I have had many reminders in the past few weeks that we live in a fallen world. A dear woman from my parish died very suddenly. A friend of mine lost a baby to miscarriage. A relative is suffering through the end stages of cancer. And that is just within my personal sphere. Every time I turn on the radio, I hear of more new atrocities and disasters all over the world.
It’s easy to get tunnel-visioned with the things of this world. We can get tricked into thinking that the things we have or do here on Earth are it, and our priorities get skewed. Big house, cushy job, success, popularity. It often isn’t until disaster strikes—personal or global—that we remember that this world isn’t our end game, and what we actually long for is something eternal.
My heart has been heavy with the sorrow and the suffering that surrounds me. I have been longing for something that this world simply cannot offer. Today’s passage from Isaiah was like a fresh spring breeze blowing through my weary soul, reminding me of what I really long for, and what I can place my hope in.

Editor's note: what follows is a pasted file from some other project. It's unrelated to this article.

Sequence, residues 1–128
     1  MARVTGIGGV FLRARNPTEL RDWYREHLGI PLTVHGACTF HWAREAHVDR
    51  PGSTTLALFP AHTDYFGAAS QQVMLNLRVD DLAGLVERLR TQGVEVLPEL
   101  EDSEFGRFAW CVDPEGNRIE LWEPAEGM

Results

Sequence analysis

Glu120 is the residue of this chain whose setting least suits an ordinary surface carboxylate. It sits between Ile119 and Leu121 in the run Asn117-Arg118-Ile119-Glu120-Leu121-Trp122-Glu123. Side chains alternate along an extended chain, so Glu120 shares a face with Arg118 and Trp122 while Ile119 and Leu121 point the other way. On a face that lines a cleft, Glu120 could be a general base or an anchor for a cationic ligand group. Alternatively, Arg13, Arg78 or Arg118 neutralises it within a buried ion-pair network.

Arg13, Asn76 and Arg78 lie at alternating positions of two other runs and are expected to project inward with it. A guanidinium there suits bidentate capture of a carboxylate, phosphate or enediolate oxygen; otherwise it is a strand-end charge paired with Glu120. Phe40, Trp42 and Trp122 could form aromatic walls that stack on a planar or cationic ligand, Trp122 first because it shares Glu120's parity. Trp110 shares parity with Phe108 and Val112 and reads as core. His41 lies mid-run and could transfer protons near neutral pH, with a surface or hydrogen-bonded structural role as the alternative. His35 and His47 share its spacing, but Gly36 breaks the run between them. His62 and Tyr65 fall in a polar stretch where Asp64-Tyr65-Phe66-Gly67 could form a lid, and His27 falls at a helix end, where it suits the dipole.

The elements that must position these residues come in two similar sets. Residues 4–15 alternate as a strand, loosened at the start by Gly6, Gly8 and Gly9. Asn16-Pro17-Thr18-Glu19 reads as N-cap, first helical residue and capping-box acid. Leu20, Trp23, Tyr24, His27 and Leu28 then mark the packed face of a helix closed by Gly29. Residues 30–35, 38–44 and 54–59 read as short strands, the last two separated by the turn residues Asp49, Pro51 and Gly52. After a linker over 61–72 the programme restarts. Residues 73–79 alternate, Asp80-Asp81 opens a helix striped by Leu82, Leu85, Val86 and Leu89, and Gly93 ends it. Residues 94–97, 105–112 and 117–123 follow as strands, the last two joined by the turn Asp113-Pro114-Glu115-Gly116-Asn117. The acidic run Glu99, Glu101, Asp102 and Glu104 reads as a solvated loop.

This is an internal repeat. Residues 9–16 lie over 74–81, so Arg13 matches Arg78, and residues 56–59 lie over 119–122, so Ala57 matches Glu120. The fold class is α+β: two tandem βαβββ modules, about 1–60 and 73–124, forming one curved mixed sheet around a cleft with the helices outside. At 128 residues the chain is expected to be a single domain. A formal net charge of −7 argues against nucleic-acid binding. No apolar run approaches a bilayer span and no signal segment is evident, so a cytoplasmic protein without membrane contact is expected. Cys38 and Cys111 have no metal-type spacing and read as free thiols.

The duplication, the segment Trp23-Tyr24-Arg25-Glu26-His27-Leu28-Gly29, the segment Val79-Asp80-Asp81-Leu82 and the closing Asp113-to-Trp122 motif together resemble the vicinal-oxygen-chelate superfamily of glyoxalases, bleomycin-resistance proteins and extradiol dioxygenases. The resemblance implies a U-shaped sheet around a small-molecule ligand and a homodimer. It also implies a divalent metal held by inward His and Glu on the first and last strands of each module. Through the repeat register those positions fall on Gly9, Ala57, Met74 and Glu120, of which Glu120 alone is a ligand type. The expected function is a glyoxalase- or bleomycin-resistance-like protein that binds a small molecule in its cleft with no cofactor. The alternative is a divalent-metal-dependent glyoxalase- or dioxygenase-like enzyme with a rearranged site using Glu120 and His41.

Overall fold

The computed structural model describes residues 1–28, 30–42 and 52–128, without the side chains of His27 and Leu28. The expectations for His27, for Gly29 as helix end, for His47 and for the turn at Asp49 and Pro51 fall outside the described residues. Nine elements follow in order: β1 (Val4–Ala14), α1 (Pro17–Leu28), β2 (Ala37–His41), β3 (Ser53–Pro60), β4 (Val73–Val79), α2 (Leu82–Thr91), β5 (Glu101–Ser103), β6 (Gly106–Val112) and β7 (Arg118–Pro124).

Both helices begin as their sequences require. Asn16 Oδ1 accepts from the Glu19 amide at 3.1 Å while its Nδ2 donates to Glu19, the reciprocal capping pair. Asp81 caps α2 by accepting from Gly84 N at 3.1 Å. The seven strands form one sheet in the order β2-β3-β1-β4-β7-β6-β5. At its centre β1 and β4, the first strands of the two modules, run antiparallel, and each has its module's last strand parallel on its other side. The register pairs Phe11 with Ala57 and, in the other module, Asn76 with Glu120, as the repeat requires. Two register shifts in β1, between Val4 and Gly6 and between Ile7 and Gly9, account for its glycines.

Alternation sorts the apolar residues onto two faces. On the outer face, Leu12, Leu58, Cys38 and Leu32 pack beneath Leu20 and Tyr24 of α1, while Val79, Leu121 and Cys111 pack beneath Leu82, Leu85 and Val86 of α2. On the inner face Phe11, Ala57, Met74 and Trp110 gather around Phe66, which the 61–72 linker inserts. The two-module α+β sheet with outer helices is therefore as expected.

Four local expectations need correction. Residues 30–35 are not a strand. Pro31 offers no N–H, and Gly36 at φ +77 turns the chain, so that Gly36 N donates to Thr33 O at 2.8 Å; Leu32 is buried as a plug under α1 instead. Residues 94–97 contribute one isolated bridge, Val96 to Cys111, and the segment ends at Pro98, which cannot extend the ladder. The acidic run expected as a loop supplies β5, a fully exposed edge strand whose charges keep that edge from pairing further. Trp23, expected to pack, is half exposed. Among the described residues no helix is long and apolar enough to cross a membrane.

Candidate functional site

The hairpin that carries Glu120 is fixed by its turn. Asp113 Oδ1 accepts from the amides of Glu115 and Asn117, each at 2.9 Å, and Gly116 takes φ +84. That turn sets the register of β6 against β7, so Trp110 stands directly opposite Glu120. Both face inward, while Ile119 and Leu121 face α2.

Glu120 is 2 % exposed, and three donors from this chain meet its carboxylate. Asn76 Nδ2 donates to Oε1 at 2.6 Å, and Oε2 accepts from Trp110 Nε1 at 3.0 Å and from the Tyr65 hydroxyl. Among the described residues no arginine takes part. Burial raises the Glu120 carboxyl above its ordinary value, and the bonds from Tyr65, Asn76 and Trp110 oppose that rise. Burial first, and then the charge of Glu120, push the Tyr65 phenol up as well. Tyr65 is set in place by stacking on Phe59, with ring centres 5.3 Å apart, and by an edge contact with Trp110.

Then the wolf shall be a guest of the lamb, and the leopard shall lie down with the kid; The calf and the young lion shall browse together, with a little child to guide them . . . . There shall be no harm or ruin on all my holy mountain; for the earth shall be filled with knowledge of the LORD, as water covers the sea. (Isaiah 11:6,9)
This world is full of sorrow and suffering and death. But thankfully, this world isn’t it for us. Because of God’s greatest gift of salvation, we have the hope of the world to come, where there is no suffering, and as the Psalm refrain says, there is “fullness of peace forever.” Doesn’t that sound wonderful?
Advent is a season of longing. We are looking forward to the coming of the Savior. But isn’t that what we should be doing every day? Shouldn’t our hearts be constantly longing for Him, and for our Eternal Home? Shouldn’t we always be ready to meet Him?
The answers are yes, yes, and yes.
Sisters, let’s use this Advent to retrain our hearts to do what they should always be doing—longing for Jesus, and eagerly awaiting His coming.
Turn over your sorrow to Him and ask those you love who are also wounded to turn with you back to the Lord.
Anna Coyne is a Saint Paul native, wife, mother, and convert to the Catholic faith. When not chasing after her two young children you can probably find her playing the piano, knitting, tripping over wooden train sets, or writing. Find out more about her here.